Drones have gained a lot of publicity in recent times particularly in a country like Nigeria where the regulators suddenly woke up and issued guidelines that did not go down well with majority of the tech community. There is no doubt that a disruptive technology like this has some challenges but then it also has some positives that we should embrace.
Drones are more popularly referred to as Unmanned Aerial Vehicle. The term UAV helps us to define drones as unmanned flying aircrafts or flying aircrafts without a physical pilot manning the cockpit. They can be operated by remote control or can fly autonomously by means of artificial intelligence, working with Global Positioning Service, GPS.
One important thing to note about drones is that their usage has some limitations and a few laws and regulations are to be adhered to by its user to make sure that it does not violate any privacy policies and rights of a nation or an individual.
Drones are mainly used in circumstances where manned flights are very difficult and dangerous to carry out. The United States is currently the biggest manufacturer of drones. It is interesting to note that the most regular users of drones are also found there.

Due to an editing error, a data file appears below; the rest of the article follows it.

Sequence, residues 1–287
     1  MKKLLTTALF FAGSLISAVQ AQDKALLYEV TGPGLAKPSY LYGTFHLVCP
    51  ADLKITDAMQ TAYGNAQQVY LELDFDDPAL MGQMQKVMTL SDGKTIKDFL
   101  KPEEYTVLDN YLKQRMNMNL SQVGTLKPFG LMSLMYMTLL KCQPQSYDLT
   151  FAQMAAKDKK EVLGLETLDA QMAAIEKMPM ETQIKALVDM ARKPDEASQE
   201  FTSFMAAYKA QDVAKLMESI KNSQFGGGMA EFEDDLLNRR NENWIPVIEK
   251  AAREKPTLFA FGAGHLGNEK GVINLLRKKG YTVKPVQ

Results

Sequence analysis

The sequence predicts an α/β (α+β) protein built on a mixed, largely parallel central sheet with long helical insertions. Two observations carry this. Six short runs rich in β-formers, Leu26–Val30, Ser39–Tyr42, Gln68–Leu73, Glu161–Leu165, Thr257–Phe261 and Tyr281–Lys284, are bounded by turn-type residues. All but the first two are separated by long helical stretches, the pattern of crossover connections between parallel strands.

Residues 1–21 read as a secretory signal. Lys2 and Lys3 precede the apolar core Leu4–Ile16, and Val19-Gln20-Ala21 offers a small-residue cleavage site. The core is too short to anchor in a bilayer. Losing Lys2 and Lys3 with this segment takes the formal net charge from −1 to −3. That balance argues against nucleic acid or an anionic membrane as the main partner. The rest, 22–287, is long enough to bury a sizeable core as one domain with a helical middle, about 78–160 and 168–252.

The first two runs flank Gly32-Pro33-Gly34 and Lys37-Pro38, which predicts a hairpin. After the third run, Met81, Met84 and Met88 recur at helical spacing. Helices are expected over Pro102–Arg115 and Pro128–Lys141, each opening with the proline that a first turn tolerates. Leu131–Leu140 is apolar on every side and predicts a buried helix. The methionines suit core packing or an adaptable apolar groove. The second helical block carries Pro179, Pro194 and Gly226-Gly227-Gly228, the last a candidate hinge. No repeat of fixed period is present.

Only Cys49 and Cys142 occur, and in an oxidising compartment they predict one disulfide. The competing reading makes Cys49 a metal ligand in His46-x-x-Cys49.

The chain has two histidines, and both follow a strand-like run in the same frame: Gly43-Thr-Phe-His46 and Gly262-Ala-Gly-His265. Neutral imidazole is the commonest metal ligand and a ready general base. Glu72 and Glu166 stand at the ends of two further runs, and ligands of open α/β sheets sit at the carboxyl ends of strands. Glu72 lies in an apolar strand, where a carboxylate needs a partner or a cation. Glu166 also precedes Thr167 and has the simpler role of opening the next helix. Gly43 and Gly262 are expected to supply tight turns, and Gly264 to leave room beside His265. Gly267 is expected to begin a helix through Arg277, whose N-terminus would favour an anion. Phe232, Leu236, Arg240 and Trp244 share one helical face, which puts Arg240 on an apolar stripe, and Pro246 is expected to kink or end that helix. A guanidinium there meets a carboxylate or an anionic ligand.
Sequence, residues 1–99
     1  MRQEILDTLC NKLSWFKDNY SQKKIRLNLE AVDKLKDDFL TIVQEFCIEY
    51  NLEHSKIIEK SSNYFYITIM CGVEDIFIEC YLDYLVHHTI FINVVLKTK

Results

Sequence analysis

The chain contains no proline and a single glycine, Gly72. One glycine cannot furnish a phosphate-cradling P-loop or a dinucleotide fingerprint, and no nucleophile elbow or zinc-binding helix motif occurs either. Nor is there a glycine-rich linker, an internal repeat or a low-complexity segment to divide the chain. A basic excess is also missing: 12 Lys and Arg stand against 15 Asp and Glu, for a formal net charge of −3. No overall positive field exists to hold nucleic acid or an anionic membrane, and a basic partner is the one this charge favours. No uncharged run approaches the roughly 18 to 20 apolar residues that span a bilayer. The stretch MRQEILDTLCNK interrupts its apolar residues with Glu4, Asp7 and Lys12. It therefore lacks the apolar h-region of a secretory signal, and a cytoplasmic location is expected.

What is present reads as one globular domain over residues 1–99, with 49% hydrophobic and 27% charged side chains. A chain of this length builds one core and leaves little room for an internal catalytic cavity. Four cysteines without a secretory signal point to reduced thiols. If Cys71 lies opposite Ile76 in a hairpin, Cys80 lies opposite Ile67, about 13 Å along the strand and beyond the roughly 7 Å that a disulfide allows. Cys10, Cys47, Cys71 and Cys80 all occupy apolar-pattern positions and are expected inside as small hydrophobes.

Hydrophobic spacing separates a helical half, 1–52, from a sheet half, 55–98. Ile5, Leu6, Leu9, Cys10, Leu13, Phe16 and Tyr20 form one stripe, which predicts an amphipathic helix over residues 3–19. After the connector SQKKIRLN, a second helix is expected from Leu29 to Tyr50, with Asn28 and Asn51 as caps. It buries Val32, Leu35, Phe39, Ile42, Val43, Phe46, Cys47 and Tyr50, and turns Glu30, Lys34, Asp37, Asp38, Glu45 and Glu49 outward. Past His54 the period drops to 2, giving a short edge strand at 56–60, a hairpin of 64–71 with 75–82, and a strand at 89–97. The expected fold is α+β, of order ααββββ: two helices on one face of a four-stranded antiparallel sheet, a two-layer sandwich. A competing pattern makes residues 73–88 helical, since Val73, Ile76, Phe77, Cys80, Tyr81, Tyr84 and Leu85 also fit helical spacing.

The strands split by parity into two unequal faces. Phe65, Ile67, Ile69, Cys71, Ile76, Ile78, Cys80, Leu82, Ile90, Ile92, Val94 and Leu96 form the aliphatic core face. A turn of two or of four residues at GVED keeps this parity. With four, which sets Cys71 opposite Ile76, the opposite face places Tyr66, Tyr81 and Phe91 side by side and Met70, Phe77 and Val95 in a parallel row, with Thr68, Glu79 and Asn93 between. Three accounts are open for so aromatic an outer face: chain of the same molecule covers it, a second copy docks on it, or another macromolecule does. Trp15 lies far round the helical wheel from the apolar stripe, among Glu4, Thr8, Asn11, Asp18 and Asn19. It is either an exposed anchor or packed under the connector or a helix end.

The US military, in fact, now has about seven thousand drones. The United Kingdom Army has about 500 drones, and The RAND Corporation reports that another 23 nations are creating or have created armed drones.
Drones can be very useful but like almost anything else, they also have some downsides. In this piece, I will be sharing some productive and positive uses of drones as well as a few negatives.
They are being utilised extensively in scientific study. They are handy in conducting surveys of different kinds such as geophysics surveys and terrain mapping. Researchers are trying to apply drones in areas such as remote inspection in dangerous environments and NASA is even beginning to analyse the make-up of the ozone layer with its Airborne Tropical Tropopause Experiment, which makes use of a Global Hawk Drone capable of cruising for 30 hours uninterrupted.
Drones are also used to keep track of endangered species and observe variations in wildlife habitats and behaviour. In Indonesia, for example, scientists are studying the endangered species, “Sumatran orangutans”, from above the treetops.
Organisations, like The World Wildlife Fund, WWF and International Anti-Poaching Foundation, IAPF, are utilising drone technology to stop the hunting of elephants and rhinos. Scientists in Australia are using drones to monitor seabirds in North-Western Australia, taking very high quality images of nesting seabirds without disturbing their peace.
Another important use of drones is in the fighting of fire and rescuing people. — Finish Reading on the Punch Website